After Two Detainee Deaths, CoreCivic Hit With $2,500 Daily Fine for Chronically Short-Staffed Florida Jail
On February 15, 2022, an on-going staffing crisis at Florida’s Citrus County Detention Facility (CCDF) prompted county officials to start fining its privately contracted operator, Tennessee-based CoreCivic, $2,500 a day for running the prison short-staffed. Three days later, on February 18, 2022, County Administrator Randy Oliver informed county commissioners that CoreCivic would have $77,500 deducted from its current invoice.
The fine is a wrist-slap for CoreCivic, which reported 2021 revenues of $1.86 billion. But it was sufficient to get company executives on their jet to the Florida jail, bringing along several temporary guards. The firm announced on February 10, 2022, that former CCDF Warden Mike Quinn and three other staffers were “no longer employed.”
That news followed the deaths of two female CCDF detainees. Lisa Ann Trombley, 48, jumped to her death from the second floor on October 17, 2021, three weeks after she was jailed for failure to appear on a charge alleging she violated her ex-husband’s restraining order with a text message to him. Valerie Susan Bogle, 63, was found dead of dehydration on November 2, 2021, in the isolation cell where she had been held since her arrest for battery four days earlier.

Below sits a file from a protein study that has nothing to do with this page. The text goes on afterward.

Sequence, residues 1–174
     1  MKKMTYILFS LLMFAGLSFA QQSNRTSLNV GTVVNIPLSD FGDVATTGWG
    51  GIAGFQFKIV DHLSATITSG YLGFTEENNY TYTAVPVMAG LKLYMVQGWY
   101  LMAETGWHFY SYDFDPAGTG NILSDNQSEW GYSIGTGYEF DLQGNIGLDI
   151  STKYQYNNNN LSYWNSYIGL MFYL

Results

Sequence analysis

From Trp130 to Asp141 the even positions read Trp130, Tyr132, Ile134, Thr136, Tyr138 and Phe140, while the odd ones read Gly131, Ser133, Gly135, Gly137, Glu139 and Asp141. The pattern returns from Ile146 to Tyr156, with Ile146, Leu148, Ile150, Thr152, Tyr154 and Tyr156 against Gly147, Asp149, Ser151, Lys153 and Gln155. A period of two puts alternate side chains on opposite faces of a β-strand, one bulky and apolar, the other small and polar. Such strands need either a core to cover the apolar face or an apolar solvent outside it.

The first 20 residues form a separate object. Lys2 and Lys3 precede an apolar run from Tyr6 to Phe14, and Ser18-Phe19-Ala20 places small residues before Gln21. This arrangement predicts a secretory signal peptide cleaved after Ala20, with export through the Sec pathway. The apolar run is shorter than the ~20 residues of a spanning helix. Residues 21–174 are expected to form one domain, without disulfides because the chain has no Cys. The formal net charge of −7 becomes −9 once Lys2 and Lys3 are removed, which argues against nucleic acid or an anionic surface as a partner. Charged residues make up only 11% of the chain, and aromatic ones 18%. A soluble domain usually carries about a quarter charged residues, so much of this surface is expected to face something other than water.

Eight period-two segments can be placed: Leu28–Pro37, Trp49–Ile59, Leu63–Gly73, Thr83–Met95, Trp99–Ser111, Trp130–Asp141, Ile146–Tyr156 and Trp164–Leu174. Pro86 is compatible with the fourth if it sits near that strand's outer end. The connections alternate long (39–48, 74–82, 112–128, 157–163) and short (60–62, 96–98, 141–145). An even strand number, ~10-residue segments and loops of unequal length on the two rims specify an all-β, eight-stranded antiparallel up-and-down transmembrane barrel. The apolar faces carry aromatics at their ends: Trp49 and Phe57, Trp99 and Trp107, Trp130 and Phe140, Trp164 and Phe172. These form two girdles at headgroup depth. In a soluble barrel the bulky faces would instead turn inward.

In his letter announcing the financial sanctions to acting CCDF Warden Jerry Wardlow, Oliver recognized the challenge of staffing in the pandemic economy, but he cited the need to see progress, noting that CoreCivic’s latest staffing report in January 2022 showed a “continuous decline in staffing levels compared to prior months.”
He said the county notified Quinn of its concerns over staffing at the lockup in May 2021 and August 2021 before issuing a third warning in November 2021, demanding that the required posts be filled by January 1, 2022, or the county would begin to enforce contractual obligations by assessing fines. Quinn then departed, leaving Wardlow in charge when the bill came due.
CoreCivic has managed CCDF since 1995. Its most recent contract was approved by the county in July 2020 and is not set to expire until September 2030. With it, the private prison contractor agreed to fill at least twelve day posts, eight night posts and thirteen 40-hour-a-week posts. After the firm flew in reinforcements, it said that CCDF was staffed at 94 percent compliance. But verifiable reports were not available for the county commissioners meeting on February 22, 2022.
Source: Citrus County Chronicle
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